Hardman actor Robert Carlyle has revealed he was rejected from the role of a Kwik Fit Fitter in the famous 1980s TV advert.
The Hollywood star said the rejection was his lowest moment as an actor at that time and caused him to consider quitting.
Speaking at an Edinburgh International Book Festival event at the capital’s Usher Hall, he said: “It’s such a tough business to go in to. I remember, there were loads of things I didn’t get – I went for auditions and got rejected.
“In the first couple of years of my career, I was up for the Kwik Fit Fitter advert.
“You know the wee dance? I had to stand there in a room and do the Quick Fit Fitter dance, and I didn’t fucking get it.
“How humiliating is that? It was my lowest point and it was in London as well. I had to come back in the bus to Glasgow thinking ‘I’m quitting, I’m never doing this again’.”
Carlyle was was in Edinburgh to discuss his most famous film character, Francis Begbie, with its creator, the writer Irvine Welsh in front of a sell-out audience.
The Trainspotting psychopath is the subject of Welsh’s most recent book, The Blade Artist, and also central to the forthcoming Trainspotting sequel due to start filming in the capital and in Glasgow in May.
Some 20 years after Begbie first appeared on screen, Carlyle insists he never saw himself in the role as he pictured a larger physical presence — a chunkier, barrel guy.
He said it was director Danny Boyle who persuaded him to consider the part, and to whom he is now indebted.
He said: “It was a curve ball for me. I didn’t know what I’d be offered , I thought maybe Sick Boy because he’s thin. It was Danny who said ‘what about Begbie?’
“I pictured a big huge monstrous kind of figure. I said ‘naw, forget it’, but it was Danny Boyle who said ‘small psychos are the best’.
“Thank you Danny, I’ve been a small psycho ever since.”
Carlyle said his performance was inspired by watching Robert De Niro’s most famous “mirror” scene as Travis Bickle in the 1976 film Taxi Driver.
Asked what he most loved about Begbie, Carlyle said: “It was the size of the character. You don’t often get a chance to play a character that big.
“You were taught at drama school that everything on camera had to be quite small.
“I remember seeing De Niro in Taxi Driver and doing the famous scene he does in the mirror – ‘You talking to me’ – and how big that was, it was almost theatrical.
“It is very rare to actually find a part to do that with because most of it is smaller. Begbie was the first time I was given the opportunity to let rip like that.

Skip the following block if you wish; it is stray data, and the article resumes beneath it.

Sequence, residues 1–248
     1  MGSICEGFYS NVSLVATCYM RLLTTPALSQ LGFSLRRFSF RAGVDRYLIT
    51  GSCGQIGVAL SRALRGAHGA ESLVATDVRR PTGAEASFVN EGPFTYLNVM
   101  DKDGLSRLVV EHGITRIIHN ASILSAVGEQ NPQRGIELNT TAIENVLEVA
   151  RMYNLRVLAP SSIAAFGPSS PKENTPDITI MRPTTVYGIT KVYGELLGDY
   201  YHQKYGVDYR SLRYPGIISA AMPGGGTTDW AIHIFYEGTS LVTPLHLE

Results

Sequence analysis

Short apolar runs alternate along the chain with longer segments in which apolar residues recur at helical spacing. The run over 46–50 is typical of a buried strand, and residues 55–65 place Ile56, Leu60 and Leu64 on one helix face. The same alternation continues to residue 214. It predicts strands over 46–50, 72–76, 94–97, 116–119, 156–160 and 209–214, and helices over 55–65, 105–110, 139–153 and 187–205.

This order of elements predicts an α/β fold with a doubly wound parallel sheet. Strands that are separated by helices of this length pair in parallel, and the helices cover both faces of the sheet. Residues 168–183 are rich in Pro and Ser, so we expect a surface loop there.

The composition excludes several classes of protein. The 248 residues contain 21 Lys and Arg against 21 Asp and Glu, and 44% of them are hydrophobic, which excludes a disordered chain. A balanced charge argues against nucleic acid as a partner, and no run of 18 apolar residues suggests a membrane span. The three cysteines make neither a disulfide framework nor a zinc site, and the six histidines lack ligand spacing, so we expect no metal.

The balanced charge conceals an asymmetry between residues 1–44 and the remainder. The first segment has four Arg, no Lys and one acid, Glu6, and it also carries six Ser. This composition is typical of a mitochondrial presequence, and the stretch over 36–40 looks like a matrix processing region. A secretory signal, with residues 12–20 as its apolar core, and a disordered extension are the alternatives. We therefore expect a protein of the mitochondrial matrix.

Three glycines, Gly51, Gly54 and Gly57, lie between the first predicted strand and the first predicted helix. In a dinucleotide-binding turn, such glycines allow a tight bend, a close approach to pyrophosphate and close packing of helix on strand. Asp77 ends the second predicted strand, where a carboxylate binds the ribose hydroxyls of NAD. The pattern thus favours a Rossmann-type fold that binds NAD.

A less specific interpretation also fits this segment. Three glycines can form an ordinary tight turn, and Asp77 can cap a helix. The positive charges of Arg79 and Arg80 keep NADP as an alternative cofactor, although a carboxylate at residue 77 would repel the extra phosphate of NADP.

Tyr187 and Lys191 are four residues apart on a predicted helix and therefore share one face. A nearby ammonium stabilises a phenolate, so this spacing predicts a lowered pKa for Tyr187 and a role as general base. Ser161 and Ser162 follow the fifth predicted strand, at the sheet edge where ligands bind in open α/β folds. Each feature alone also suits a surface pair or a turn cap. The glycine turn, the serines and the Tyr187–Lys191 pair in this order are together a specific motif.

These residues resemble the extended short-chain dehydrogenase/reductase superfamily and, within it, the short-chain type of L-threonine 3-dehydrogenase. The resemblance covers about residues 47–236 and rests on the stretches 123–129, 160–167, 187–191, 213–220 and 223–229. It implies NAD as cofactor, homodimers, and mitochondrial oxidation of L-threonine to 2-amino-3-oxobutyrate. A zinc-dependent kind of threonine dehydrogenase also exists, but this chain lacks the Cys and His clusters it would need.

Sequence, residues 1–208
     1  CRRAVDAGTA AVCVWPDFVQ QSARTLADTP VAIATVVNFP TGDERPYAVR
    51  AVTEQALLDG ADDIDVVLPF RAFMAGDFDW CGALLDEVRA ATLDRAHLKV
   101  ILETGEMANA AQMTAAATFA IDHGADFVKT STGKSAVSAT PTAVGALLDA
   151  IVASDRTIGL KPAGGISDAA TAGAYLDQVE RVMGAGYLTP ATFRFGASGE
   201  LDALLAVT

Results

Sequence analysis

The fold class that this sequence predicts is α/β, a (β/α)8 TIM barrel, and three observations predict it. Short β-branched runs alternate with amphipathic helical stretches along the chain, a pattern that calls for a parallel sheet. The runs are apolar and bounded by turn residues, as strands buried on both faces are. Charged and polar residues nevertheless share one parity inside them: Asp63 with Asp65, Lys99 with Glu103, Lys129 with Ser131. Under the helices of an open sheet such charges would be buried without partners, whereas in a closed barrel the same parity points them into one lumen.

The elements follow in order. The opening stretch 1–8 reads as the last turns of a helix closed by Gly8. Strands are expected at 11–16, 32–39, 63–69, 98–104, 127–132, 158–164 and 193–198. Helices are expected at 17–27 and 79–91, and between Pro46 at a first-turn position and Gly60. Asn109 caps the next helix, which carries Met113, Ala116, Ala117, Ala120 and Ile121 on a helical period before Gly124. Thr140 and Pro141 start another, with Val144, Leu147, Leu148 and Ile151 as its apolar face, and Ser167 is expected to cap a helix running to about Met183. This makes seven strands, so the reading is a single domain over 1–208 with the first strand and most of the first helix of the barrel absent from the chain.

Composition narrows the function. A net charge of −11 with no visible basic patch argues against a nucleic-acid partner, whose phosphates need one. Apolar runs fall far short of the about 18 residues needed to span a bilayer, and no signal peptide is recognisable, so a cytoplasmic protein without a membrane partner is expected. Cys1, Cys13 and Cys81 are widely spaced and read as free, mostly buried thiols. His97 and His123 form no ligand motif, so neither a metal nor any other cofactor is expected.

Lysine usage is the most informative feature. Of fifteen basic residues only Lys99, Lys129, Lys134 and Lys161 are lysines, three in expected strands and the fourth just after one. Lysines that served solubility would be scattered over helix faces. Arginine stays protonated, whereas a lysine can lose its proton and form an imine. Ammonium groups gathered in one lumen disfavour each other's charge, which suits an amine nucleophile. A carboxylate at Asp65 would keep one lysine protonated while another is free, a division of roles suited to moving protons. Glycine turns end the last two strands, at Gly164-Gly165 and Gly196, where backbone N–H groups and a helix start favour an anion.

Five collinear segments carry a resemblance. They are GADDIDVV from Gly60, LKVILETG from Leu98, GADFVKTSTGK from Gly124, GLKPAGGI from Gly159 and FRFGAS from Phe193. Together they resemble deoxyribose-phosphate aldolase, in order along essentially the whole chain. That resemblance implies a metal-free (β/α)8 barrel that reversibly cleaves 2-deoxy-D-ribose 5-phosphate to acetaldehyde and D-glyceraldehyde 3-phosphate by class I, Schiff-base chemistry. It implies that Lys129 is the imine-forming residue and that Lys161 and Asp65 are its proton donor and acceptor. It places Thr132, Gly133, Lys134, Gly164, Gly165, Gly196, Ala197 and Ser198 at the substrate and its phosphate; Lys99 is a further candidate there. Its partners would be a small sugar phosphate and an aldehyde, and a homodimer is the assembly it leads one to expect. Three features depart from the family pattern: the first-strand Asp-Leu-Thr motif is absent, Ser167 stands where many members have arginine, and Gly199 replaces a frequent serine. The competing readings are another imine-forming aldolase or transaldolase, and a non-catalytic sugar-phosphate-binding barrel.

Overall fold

“He’s such a theatrical character – a theatrical performance – that’s what I still love about it to this very day.
“He’s become strangely iconic. It’s all very weird but I’ll take it and I’m eternally grateful to Danny and to Irvine for creating and writing this part.”
Carlyle also revealed he finds the “reformed” Begbie in The Blade Artist “even scarier” as the reformed character who hasn’t quite left his violent past behind.
He added: “I think he’s even scarier. The stillness – you don’t want to meet this guy.”
Welsh said he realised the character of Begbie was essentially “Scottish” when the Trainspotting stage show was put on in Kansas and they couldn’t find a similar American character-type.
He said: “They took the Trainspotting stage play to Kansas and the other characters were immediately translatable.
“But the violence was very difficult. American violence is all about the gun. It’s very difficult to find a Begbie because on these islands – and particularly in Scotland – it’s all that kind of up close and personal kind of thing.
“The kind of rage and anger is very much related to here.”
Welsh said he finds it easy to write about violence but breaks down at sentimental movie love scenes.
He said: “I can write violence and watch violence without getting emotionally involved. I find it very difficult to write emotional or love scenes.
“I start to bubble up. I can go to the pictures with my wife and sit and watch a violent film, and I’m just thinking ‘I wonder how they did that?’
“She’s got her hands over her head and she’s screaming ‘I can’t watch this, it’s horrible’.
“But anything that’s emotional, I get really buzzed by that. If there’s a love scene I start to bubble – any sentimental scene.
“Every year I watch White Christmas and I’ve got tears streaming down my face. I’m a sucker for that kind of stuff. It distresses me and I don’t have that degree of separation.
“Violence and sex I see as a mechanistic thing that has to work on the page.”
Asked what he believes has changed about Edinburgh since he wrote Trainspotting, he replied: “It’s like Begbie says in the book, ‘They still drink too much and they’ve still got bad teeth but they’re fatter’.”
The Blade Artist catches up with Welsh’s iconic Begbie, played by Carlyle in Boyle’s 1996 movie Trainspotting.
Nick Barley, Director of the Edinburgh International Book Festival, said “Francis Begbie is already a formidable character in Irvine Welsh’s novels.
“In the Trainspotting movie, Robert Carlyle elevates Begbie to an unforgettable screen icon: ultra-violent and alpha-male, while also quite complex with regard to friendships and sexuality.
“It’s a real treat that Irvine’s latest novel revisits this fascinating character.”